Scientists have been using chimps as psychological and biomedical research subjects since the 1920’s. According to Roger Fouts, who discusses his work with chimpanzees in his book, Next of Kin: My Conversations with Chimpanzeessome scientists justify the use of chimpanzees by saying that they are “physiologically, just like us” but “psychologically, they’re not like us,” which he, along with anthropologists, proves is untrue.

Today, the United States is the only western nation that still uses chimpanzees in testing. It has been established that these animals are incredibly social and emotional creatures, yet they are still tested on while there are many alternatives  that do not require testing on animals. Social scientists should further study the culture and social structures of chimpanzees and explore their similarities to humans in order to help promote the prevention of the often-cruel biomedical testing on these creatures.



Uncontacted Tribes: The Endangered Tribes of the Awa People

An Awa woman breastfeeding her child and a baby pigThe Awa people have a close relationship with the Amazon. They know it as Harakwa or “the place that they know” (Uncontacted Tribes). This tight bond has developed into a kinship toward the forest. The tribe nurtures orphaned animals and even breastfeeds monkey’s, small pigs, and other animals who have lost their mother. The Awa people believe these “monkey’s are more human than animal” (Human Planet).  Awa woman raise baby monkey’s after their mothers have been killed. They take on the duties of a mother and breastfeed the little monkey’s as if it were their own child. The kinship a mother monkey would feel toward its child is translated to the Awa people after creating an orphaned animal. The Awa tribe has developed a symbiotic relationship with their Harakwa, or home, which has manifested into feelings of rights, duties, and kinship toward the forest.

Awa Man who spent 10 decades wandering the rainforest after his family was taken from him

Westerners are destroying the rainforest and the Awa people. An anthropologist interviewed an Awa Indian, Karapiru, who recounted memories of violence and destruction from the invaders. Karapiru believed his entire family was shot by outsiders. He was on the run 10 years after the invasion of his homeland. Less than 100 members of the Awa tribe still have not come into contact with the outside world. Up to 50 percent of uncontacted people will die with first contact to outsiders because of disease alone. It is important to protect the Awa people from genocide and allow them to live a life of reciprocity in their rainforest.


One Step Forward or Two Steps Back?

For the past 5 years, Westerns have been questioning Ugandan President Yoweri Museveni’s motives in to regards to his Anti-Gay Marriage laws which have now resurfaced because of a recent bill that was signed. President Museveni doesn’t believe that enacting this bill is a step back for his country, regardless of the west’s perception, because, being a Christian country, Museveni believes that homosexuality “was learned and could be unlearned”. According to CNN, President Museveni also stated, “the bill also proposed years in prison for anyone who counsels or reaches out to gays and lesbians, a provision that would ensnare rights groups and others providing services to lesbian, gay, bisexual and transgender people.” A question to take into consideration is; why now? Why create severe punishments for people who are already marginalized? To rebel against the Western culture? To create a pure society? In a way, the Ugandan president is emphasizing the moral code of Uganda through religion in stating that homosexuality is wrong; could he be right?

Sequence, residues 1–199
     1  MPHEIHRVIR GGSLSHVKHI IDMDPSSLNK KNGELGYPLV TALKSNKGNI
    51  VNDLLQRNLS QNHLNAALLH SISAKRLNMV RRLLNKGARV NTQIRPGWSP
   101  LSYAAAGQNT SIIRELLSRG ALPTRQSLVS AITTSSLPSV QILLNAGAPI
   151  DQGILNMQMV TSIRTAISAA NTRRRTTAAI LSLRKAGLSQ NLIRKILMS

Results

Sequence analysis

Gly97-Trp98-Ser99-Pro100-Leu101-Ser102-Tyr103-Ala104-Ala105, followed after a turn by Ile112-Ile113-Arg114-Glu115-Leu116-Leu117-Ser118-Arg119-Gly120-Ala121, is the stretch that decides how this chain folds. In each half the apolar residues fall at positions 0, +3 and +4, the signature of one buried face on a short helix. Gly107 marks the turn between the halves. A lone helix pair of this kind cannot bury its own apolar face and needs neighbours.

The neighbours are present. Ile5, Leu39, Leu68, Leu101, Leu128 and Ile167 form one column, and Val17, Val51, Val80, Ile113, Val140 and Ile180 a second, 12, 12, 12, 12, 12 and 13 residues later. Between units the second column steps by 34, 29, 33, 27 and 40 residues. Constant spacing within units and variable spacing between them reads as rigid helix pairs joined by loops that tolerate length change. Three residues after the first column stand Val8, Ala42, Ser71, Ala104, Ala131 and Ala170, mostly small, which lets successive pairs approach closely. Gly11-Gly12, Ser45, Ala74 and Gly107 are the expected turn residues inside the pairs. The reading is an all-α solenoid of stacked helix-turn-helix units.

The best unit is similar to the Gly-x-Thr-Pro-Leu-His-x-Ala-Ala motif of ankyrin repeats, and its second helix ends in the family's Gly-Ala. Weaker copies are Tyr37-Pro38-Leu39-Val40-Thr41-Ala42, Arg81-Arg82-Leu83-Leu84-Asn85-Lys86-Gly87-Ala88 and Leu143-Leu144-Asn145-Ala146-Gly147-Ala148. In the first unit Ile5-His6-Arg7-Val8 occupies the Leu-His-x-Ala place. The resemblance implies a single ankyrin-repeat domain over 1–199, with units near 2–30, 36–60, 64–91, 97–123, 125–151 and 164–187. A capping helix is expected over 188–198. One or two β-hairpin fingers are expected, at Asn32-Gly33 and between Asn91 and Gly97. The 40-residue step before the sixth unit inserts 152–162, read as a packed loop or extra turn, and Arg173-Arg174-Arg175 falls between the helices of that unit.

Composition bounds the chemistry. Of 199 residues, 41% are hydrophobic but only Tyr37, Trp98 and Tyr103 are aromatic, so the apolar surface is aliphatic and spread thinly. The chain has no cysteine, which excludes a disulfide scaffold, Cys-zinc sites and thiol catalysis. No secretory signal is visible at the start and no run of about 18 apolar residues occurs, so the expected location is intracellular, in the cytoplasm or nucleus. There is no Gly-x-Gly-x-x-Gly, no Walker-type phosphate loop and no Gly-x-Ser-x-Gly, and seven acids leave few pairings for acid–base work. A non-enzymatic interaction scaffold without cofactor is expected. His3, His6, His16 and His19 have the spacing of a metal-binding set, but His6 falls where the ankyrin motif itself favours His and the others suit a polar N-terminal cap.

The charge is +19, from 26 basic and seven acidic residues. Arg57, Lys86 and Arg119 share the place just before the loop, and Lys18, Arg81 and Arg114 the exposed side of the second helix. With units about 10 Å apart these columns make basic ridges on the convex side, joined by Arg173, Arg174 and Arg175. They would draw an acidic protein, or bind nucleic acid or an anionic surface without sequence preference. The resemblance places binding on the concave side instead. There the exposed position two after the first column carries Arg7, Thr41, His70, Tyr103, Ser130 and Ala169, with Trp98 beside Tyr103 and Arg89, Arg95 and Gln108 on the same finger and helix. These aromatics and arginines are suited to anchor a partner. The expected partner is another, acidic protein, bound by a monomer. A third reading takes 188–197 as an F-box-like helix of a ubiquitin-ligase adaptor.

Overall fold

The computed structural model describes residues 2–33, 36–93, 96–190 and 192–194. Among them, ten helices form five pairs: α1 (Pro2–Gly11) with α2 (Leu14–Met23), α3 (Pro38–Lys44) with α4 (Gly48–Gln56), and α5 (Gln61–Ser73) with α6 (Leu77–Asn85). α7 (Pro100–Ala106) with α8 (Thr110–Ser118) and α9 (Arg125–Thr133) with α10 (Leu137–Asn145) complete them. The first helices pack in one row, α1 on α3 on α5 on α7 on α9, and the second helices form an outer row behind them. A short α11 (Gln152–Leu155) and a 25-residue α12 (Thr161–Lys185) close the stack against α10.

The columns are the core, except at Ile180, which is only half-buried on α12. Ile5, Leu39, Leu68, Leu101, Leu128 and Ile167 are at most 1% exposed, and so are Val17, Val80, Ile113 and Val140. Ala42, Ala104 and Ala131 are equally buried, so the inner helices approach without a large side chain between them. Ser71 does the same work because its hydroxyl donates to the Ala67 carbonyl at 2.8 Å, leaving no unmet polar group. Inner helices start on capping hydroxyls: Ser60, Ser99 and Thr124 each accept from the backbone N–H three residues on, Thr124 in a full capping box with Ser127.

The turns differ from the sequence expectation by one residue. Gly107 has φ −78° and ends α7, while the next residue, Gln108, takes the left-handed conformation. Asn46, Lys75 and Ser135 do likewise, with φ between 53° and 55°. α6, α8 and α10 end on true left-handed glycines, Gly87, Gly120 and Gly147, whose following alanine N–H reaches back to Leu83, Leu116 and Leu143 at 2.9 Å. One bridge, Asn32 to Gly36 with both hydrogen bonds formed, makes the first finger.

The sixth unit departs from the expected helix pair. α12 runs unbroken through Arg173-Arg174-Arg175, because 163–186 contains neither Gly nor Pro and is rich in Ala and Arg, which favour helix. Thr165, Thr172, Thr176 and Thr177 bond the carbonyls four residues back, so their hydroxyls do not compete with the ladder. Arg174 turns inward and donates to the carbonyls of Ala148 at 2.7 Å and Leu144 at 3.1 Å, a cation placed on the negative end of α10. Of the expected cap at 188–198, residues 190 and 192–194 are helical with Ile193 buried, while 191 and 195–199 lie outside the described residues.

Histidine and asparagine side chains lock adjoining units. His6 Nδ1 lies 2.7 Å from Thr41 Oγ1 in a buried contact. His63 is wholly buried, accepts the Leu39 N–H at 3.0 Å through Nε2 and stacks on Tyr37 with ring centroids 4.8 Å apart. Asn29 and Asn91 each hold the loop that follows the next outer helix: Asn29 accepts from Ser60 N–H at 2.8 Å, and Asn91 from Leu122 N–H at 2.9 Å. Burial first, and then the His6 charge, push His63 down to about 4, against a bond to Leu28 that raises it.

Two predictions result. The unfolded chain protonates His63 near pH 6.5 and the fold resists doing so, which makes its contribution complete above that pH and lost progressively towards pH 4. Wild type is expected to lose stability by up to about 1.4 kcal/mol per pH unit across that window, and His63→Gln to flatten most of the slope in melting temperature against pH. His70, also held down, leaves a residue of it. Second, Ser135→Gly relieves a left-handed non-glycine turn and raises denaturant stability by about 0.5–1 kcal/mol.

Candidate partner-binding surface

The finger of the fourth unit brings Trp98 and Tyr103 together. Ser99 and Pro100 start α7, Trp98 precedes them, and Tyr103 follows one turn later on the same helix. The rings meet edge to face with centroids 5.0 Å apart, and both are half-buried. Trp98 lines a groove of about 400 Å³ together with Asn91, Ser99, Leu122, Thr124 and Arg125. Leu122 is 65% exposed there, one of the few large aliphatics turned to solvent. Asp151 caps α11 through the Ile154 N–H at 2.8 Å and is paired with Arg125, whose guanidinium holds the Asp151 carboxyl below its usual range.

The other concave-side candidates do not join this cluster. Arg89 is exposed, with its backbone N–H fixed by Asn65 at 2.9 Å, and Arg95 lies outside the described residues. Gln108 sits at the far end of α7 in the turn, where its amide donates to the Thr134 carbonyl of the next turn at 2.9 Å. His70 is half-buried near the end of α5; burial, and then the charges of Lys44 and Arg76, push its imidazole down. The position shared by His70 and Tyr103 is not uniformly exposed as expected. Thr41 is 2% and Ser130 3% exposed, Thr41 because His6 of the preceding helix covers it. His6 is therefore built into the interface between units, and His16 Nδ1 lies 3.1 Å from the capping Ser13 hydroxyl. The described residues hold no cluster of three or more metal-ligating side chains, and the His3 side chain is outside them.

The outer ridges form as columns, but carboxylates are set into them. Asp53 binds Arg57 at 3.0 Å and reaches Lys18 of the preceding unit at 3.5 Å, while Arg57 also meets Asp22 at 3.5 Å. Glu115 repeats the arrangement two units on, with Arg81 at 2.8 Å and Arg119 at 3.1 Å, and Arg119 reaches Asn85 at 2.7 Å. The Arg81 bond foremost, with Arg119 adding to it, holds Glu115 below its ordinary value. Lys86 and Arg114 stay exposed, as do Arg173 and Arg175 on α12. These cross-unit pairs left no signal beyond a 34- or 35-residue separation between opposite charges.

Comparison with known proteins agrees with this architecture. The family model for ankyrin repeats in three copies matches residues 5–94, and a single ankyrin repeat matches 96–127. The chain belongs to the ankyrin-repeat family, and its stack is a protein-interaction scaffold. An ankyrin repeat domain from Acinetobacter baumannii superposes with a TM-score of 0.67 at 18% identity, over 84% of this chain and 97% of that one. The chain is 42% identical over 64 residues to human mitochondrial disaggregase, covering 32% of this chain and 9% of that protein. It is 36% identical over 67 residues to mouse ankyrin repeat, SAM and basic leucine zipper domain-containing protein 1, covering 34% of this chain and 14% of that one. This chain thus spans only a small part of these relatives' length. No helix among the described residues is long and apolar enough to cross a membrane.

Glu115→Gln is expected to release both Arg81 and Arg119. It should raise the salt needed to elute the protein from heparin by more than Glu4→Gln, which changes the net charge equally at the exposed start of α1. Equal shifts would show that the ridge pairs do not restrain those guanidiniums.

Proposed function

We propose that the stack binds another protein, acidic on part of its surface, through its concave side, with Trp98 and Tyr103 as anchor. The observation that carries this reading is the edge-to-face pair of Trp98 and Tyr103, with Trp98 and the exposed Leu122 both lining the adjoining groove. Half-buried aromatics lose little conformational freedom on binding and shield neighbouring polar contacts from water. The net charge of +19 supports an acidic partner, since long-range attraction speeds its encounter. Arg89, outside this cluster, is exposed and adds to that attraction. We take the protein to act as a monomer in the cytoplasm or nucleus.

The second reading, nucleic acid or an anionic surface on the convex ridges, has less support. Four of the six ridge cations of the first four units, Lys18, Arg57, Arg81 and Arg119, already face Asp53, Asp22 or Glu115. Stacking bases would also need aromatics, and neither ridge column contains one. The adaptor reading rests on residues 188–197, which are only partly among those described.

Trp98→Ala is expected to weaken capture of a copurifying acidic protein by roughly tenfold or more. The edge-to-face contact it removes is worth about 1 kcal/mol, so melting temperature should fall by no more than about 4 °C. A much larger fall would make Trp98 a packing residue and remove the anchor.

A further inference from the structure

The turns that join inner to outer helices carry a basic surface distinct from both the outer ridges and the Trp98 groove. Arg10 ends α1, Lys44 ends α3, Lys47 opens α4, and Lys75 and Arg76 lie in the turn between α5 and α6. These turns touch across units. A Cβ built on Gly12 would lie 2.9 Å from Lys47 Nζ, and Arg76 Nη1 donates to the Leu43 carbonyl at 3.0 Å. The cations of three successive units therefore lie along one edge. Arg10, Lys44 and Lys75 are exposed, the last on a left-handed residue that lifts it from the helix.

However, Leo Coleman’s report, titled Being alone together: from solidarity to solitude in urban anthropology, gives insight into the “queer theory”. He states that, “queer theorists explore discontinuities, deconstruct meaning and truth claims, and analyze how knowledge and identity have been formed.15 Claims about knowledge, the human person, and sexuality are deconstructed so that one can see how an idea or knowledge claim was formed, and which persons and groups benefited from them.” He further discusses how “queer theory has rightly stressed the nature of postmodern sexualities and identities: how fluid sexual identity is and how we need to pluralize the cultural notions of masculinity and femininity.” I believe that Uganda has become frozen in time; unwilling to break free from heterosexual norms and expectations from its people. Its evident that there is a divide in beliefs between the United states culture and the Ugandan culture which stems from “most early books on gay/lesbian theology assumed that a person was born gay or lesbian (the essentialist argument). On one hand, this approach can foster compassion for gays and lesbians because it assumes they cannot help that they are gay. On the other hand, this can also be used by those who want to ‘cure’ homosexuals through prayer or counseling.” Coleman highlights the extreme deviation between the two cultures as the Ugandan President rejects the idea of homosexuality all together and doesn’t believe in its existence. However, in the United States, we have accepted and learned to understand the several different identities within our soceity while beginning to break the stereotypes of masculinity and femininity.